Two AM hosts clashed in a debate on Tuesday over a proposal to make Queen Street in Auckland car-free.
It comes after Greens Auckland Central MP Chlöe Swarbrick, in partnership with the City Centre Residents’ Group, launched a petition calling for cars to be removed from the inner city street.
"Imagine Queen Street lined with local eateries and small businesses, filled with green space and street furniture, sculpture, play areas, street markets and public art aplenty to explore with friends, whānau and co-workers alike," Swarbrick said on Tuesday.
At the time of publishing, 316 people had signed the petition.
The petition sparked a heated debate among the AM hosts on Tuesday morning with Ryan Bridge suggesting the proposal was unnecessary.
"This idea from the Greens to have just pedestrians and the thing is, what problem is it solving," Bridge said.
"Whoever woke up in the morning and said I would love to go down to the city this morning but it's not pedestrian-only."
But fellow AM co-host Melissa Chan-Green disagreed, saying the CBD needs to be somewhere people want to go.
"What they [the local residents] need is a heartbeat, something going on like events for people to come in and go to those shops, otherwise no one is going to those shops," she said.
Chan-Green said the idea is about building an atmosphere on one of Auckland's main streets.
"It's not about the pedestrian lane. It's the fact a pedestrian lane will give you the opportunity to hold events there La Rambla in Barcelona, where they have big things going on so people might actually want to go there," she said.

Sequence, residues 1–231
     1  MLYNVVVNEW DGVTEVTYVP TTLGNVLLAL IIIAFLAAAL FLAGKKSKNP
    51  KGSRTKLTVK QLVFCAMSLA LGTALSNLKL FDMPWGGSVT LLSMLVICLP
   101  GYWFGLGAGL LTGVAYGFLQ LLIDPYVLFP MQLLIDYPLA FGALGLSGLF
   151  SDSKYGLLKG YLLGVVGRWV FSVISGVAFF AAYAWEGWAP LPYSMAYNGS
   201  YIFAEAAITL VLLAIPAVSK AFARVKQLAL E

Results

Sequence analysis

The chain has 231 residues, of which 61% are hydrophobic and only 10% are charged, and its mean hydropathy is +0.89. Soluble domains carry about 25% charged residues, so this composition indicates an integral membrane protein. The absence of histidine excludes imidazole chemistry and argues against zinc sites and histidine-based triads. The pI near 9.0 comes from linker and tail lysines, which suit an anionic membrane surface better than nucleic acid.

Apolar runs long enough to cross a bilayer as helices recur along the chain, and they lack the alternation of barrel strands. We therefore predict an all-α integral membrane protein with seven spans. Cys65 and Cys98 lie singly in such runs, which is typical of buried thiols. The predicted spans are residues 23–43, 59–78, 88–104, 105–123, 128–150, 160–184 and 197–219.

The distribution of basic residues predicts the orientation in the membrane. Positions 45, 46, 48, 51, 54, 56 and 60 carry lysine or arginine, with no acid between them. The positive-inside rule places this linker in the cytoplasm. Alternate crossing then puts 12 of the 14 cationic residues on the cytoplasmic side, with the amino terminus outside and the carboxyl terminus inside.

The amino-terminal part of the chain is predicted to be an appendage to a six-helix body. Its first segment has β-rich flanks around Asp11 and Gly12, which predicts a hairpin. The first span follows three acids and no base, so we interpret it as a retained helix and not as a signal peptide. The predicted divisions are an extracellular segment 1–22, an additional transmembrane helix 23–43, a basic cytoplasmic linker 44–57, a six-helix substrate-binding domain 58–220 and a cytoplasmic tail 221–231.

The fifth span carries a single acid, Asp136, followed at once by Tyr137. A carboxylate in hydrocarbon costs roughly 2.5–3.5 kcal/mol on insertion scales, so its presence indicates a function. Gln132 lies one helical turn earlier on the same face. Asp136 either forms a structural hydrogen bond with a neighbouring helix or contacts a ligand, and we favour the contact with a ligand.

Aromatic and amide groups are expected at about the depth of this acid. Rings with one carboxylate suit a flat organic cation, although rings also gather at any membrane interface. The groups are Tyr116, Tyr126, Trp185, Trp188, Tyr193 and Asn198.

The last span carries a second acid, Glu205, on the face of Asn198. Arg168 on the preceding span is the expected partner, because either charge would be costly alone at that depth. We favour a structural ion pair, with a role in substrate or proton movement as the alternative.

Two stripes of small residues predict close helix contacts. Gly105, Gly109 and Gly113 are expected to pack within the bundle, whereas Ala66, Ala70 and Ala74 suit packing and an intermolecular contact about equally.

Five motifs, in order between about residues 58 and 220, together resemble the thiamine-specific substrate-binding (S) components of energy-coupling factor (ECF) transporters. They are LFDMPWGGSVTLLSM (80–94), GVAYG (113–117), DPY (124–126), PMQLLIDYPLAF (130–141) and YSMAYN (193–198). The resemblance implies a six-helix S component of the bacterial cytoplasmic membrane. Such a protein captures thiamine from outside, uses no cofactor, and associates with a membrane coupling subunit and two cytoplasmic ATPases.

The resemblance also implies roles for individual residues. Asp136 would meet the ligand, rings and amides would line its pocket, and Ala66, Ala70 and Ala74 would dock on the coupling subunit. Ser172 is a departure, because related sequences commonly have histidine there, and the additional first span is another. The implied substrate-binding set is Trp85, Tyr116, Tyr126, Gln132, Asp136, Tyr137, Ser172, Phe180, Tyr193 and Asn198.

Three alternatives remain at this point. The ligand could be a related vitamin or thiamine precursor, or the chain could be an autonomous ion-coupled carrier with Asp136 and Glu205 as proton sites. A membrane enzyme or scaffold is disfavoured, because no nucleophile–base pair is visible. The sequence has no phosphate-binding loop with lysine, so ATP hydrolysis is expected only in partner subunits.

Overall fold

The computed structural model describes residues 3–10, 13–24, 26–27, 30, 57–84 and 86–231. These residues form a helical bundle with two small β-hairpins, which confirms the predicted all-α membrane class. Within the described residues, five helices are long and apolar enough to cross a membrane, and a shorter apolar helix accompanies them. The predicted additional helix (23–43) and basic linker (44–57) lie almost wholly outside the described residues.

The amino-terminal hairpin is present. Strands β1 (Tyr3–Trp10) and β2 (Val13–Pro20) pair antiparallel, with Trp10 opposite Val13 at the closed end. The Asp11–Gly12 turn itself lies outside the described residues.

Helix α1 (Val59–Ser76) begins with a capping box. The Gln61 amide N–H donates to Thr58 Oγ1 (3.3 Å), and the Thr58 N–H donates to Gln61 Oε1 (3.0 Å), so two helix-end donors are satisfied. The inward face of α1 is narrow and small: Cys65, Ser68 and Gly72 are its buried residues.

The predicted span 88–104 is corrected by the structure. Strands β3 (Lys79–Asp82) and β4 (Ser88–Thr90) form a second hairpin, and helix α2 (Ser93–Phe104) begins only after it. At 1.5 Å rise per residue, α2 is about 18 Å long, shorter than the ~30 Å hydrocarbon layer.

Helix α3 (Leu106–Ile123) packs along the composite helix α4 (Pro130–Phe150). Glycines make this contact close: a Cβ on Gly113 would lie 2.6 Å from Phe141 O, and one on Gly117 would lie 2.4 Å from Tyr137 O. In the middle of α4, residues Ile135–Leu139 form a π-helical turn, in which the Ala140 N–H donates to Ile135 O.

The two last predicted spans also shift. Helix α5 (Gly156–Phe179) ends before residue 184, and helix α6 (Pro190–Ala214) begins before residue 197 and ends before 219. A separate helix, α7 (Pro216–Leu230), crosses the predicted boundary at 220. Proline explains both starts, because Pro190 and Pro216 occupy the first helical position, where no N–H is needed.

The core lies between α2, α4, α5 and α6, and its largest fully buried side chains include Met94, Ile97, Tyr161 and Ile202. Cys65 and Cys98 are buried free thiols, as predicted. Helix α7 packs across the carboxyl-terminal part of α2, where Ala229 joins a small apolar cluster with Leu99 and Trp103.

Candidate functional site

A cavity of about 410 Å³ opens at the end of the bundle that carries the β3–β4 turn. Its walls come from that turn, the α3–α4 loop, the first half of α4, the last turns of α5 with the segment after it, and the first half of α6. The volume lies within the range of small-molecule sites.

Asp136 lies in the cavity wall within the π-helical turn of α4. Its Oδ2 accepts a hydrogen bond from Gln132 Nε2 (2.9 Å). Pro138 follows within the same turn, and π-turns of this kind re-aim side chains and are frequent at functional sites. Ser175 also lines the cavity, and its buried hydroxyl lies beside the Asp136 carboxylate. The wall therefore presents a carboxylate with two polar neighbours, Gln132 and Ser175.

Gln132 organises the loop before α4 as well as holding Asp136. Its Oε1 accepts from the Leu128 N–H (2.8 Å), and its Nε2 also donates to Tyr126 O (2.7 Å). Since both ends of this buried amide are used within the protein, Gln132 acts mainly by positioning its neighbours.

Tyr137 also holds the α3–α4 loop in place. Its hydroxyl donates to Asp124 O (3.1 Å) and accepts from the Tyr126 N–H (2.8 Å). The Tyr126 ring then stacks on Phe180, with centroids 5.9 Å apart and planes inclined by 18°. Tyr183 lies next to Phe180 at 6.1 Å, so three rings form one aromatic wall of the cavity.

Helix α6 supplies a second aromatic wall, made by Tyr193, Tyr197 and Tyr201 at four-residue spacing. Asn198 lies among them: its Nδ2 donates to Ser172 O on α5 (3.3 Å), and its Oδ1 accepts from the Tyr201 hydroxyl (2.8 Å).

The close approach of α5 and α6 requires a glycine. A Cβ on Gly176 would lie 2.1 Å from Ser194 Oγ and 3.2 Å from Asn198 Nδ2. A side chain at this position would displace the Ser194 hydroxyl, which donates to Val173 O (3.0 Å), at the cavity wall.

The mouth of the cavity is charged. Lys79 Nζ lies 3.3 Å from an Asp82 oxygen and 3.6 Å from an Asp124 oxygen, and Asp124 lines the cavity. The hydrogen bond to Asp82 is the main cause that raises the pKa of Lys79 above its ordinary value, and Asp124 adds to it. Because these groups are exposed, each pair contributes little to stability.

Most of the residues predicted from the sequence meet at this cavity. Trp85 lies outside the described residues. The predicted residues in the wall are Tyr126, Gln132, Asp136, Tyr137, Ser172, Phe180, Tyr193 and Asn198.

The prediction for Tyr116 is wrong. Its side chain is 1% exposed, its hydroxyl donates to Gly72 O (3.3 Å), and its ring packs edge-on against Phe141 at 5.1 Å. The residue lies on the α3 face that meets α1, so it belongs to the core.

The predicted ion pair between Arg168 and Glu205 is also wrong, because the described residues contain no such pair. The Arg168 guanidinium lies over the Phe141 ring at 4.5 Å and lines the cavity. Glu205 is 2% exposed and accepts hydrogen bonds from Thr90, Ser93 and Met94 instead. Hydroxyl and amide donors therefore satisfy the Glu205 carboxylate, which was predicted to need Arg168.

But Bridge was quick to criticise that idea.
"I'm sorry, I'm sick of this. We are not a European city with little cobblestone streets, we never will be."
Chan-Green responded by saying: "We are not because we don't give it the opportunity to have fun."
Swarbrick said a similar model had been implemented on Sydney's George Street with "great success".
“If Tāmaki Makaurau Auckland wants to be the world’s most Liveable City, we need the city centre to reflect the needs of people on the ground.," she said.
“When you prioritise people, you also prioritise their exploration and interaction with small businesses that may otherwise be bypassed.
“It’s a fools’ game to think we can return to pre-COVID working trends. It’s time to evolve. Our neighbourhood is so much more than a CBD - it is a city centre and we deserve an environment that celebrates, embraces and reflects that."
Swarbrick said by focusing on pedestrians, it would make the street much more enjoyable for the community.
"Our neighbourhood is so much more than a CBD - it is a city centre and we deserve an environment that celebrates, embraces and reflects that," she said.
"We've got enough plans, enough vision. We've had enough disruption and enough unsatisfactory compromise. It's time to commit and do it properly."
Watch the full debate above.